Jail sentence of ailing former prime minister and opposition leader will be suspended and she will be released for a period of six months, Law Minister Anisul Huq says.
Bangladesh government said it was freeing opposition leader Khaleda Zia from jail on Tuesday for six months so she can get medical treatment.
Law and Justice Minister Anisul Huq said the move came after a brother and sister of Zia, who has been in prison for two years, appealed to Prime Minister Sheikh Hasina to let her arch-rival fly to London for treatment.
Hasina and Zia are bitter rivals whose families have dominated Bangladesh's politics since independence in 1971.
Huq said, however, the 74-year-old Zia would not be allowed to go to another country.
"On the basis of the application and having been directed by the Prime Minister Sheikh Hasina, Begum Khaleda Zia's conviction has been suspended," Huq told AFP news agency.
She is freed "on condition that she remains in her Dhaka residence to receive treatment and does not go abroad".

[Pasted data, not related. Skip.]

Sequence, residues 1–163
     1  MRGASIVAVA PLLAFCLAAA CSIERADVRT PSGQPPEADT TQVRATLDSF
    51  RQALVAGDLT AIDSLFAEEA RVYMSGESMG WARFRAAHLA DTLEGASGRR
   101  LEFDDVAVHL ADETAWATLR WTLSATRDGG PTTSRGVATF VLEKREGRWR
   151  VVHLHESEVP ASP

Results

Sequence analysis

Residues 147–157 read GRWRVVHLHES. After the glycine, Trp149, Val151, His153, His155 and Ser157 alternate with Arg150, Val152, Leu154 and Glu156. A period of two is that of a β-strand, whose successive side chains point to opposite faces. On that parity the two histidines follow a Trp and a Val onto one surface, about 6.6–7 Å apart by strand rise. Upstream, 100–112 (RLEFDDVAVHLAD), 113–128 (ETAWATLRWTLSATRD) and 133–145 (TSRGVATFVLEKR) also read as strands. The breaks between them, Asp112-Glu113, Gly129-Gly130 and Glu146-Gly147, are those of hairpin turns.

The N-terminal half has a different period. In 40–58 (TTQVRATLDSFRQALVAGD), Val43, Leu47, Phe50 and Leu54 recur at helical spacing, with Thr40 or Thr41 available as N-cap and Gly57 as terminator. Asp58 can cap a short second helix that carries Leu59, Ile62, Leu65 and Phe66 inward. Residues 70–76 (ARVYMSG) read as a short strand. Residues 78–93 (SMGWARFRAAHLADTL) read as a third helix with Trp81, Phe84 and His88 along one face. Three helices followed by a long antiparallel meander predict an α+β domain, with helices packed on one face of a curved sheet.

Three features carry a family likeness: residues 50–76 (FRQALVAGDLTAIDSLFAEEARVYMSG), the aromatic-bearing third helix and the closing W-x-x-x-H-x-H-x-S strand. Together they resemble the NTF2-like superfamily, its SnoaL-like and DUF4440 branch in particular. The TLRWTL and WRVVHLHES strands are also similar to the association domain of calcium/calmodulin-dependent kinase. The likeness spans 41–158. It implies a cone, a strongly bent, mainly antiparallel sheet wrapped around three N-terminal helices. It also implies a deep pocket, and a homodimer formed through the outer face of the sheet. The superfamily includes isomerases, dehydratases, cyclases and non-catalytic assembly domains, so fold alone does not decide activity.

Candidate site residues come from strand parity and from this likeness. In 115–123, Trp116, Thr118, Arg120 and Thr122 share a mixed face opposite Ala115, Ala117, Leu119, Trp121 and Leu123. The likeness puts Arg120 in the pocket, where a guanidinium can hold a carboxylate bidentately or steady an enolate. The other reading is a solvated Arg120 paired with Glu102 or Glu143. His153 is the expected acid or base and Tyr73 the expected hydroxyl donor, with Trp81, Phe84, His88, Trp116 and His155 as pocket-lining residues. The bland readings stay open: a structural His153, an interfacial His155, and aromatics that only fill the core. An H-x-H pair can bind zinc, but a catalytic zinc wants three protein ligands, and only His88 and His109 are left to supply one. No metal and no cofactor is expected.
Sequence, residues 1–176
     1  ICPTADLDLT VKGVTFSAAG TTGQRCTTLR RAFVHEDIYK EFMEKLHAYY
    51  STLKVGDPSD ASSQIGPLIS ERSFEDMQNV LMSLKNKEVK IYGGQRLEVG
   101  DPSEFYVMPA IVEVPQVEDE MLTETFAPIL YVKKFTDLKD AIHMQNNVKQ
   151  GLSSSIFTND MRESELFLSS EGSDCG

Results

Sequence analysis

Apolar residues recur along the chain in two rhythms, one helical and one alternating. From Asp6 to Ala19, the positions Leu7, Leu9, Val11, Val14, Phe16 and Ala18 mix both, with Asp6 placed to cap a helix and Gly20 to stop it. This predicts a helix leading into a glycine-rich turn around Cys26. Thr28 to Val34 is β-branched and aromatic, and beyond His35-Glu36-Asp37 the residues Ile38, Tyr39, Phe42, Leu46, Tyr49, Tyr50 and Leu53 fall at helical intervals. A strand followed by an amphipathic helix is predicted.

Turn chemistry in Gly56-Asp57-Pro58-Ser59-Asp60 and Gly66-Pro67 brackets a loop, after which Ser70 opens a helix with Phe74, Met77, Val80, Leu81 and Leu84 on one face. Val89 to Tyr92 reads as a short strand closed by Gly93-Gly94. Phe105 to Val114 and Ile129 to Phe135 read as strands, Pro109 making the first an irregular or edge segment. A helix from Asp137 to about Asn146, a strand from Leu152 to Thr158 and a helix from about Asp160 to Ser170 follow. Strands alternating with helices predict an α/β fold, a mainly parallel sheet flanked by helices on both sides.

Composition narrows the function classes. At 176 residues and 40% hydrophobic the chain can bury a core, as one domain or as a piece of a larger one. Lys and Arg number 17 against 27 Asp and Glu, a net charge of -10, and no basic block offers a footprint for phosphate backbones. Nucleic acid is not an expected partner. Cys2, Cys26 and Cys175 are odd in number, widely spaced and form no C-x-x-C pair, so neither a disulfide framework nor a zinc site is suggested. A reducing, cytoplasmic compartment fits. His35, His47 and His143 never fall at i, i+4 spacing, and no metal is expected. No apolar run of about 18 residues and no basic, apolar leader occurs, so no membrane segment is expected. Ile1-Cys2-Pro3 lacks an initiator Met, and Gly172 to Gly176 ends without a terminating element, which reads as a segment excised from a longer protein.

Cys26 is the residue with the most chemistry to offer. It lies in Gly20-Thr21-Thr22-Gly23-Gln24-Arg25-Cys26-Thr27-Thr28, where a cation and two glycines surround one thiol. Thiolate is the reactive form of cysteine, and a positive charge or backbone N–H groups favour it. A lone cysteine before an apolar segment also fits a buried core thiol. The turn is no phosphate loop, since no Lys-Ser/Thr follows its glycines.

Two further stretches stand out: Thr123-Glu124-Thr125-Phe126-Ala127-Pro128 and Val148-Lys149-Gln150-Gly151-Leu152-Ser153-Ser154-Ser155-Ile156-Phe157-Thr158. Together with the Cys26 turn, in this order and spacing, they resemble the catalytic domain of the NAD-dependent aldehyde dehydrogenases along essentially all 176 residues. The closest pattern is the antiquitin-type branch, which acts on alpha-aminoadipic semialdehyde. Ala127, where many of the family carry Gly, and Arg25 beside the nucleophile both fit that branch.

There was no immediate comment from Zia's family or her Bangladesh Nationalist Party (BNP).
Politically motivated charges?
Sentenced to 10 years in jail on graft charges, Zia also faces nearly three dozen other outstanding cases. The BNP says the charges are politically motivated to keep her out of politics.
Her lawyers have had repeated bail applications rejected. They have argued that she could die in prison without proper treatment.
A recent leaked medical report on Zia's health said her rheumatoid arthritis was becoming increasingly serious. She has already had two knee replacement operations.
"As a result of combined active disease and accompanied damage she is, at present, at a crippled state and largely dependent on assistance for her day-to-day activities," the report said.
US hails decision
Hasina took over as prime minister from Zia in 2009 and has ruled since.
The United States, which has warm relations with Bangladesh, said it welcomed the decision to free Zia and pointed to concerns about the spread of the novel coronavirus.
The global pandemic "needs leadership that is compassionate and prioritises national unity," Alice Wells, the top US diplomat for South Asia, wrote on Twitter.